Millie McKenzie vs. Killer Kelly
This time, it was Millie who had the fans on-side, but it was Kelly who started the feeling-out process as the pair remained largely grounded.

A front headlock was reversed as Millie teased going after Kelly’s arm, but a sporting handshake led to Kelly having to avoid a German suplex attempt and take down Millie for some ground and pound. Millie gave as good as she got as the pair traded rights before McKenzie connected with a monkey flip.

Millie kept up with some dropkicks for a near-fall, but Kelly’s right back with a bicycle kick that picked up a near-fall as the intensity stayed high. Kelly takes Millie down with a cravat, but it’s broken via the ropes only for Millie to get taken into the corner for a big dropkick. Out of nowhere, Millie lands an Ace crusher for a two-count, and then started teasing some German suplexes.

One hits… then Kelly replies with one of her own… but Millie dishes out four more, with the last one busting Kelly open as her own knees smashed her in the eye. It made for a brutal, but strong visual, as Kelly fought on, landing a Northern lights for a near-fall. Millie hits a pumphandle German, but Kelly kicks out and rushed back in with a strait-jacket German for the win. Perhaps a little curtailed with the injury, but this was all kinds of fun – all the way down to Kelly just shrugging off her own blood. Hopefully these two can match up again down the line… Femmes Fatales in October, perhaps? **¾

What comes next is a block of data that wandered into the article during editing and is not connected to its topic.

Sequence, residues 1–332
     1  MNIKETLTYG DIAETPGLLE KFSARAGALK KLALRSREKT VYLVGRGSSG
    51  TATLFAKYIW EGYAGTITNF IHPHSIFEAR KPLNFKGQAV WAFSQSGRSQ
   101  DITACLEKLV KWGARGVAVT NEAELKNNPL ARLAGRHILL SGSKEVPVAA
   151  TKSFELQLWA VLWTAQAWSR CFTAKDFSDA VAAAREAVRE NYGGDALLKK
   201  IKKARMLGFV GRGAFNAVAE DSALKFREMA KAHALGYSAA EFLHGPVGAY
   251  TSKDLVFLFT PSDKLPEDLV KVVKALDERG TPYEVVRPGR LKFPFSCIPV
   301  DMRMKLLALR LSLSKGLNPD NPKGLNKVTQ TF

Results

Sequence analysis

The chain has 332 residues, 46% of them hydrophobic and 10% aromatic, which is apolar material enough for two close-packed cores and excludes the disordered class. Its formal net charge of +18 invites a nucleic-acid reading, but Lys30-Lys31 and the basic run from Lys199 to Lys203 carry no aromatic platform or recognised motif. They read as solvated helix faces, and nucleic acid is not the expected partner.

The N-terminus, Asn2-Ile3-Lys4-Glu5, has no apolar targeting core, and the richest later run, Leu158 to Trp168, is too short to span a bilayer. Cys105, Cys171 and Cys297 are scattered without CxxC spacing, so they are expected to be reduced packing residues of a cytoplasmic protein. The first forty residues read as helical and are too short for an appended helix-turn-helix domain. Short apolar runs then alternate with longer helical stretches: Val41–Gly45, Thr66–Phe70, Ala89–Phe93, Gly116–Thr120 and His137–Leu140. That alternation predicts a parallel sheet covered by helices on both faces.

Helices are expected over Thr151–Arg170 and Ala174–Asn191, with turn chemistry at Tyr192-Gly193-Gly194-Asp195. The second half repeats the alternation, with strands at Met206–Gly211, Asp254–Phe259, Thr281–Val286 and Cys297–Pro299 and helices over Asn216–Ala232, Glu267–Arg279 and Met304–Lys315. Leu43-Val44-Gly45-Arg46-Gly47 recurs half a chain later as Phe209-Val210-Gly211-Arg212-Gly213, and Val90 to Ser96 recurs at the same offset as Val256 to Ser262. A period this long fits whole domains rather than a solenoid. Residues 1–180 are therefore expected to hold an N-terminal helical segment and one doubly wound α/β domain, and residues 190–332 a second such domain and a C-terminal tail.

Oh, how one shrug can make a star!

Chris Brookes vs. Marius al-Ani
I think this makes Marius one of a few guys who’ve done all three wXw shows in London (the rest being Brookes, WALTER and Travis Banks)… quite an impressive feat, and one that shows the depth of the wXw roster. The continued building of Marius since the A4 split has been a little stop-start – but with him clearly focusing on Absolute Andy after 16 Carat, the slowly-slowly approach makes a little sense.

We’ve got a 50-50 crowd here as the fans backed both guys, and we started with Marius getting frustrated at how easily the lanky Brookes was able to force a rope break. Al-Ani scores with a shoulder block and a hiptoss, only to get taken down for a back senton as Brookes looked to stay level here.

Brookes quickly goes up for the drippy wet willie, and that properly angered Marius. As it should. Hard Irish whips into the corners moved the ring as Marius grounds Brookes with an armbar, but Brookes returns the favour, throwing in a chop for good measure as he targeted the arm of the man affectionately known as “Mr. No Bullshit”.

A high dropkick stuns Brookes, as does a low one, as Marius mounted a comeback with a step-up elbow drop to Brookes. We swap submissions as an Octopus from Brookes is escaped as al-Ani tried an ankle lock… but has to kick out of Death By Roll-Up before nailing a huge brainbuster for a near-fall.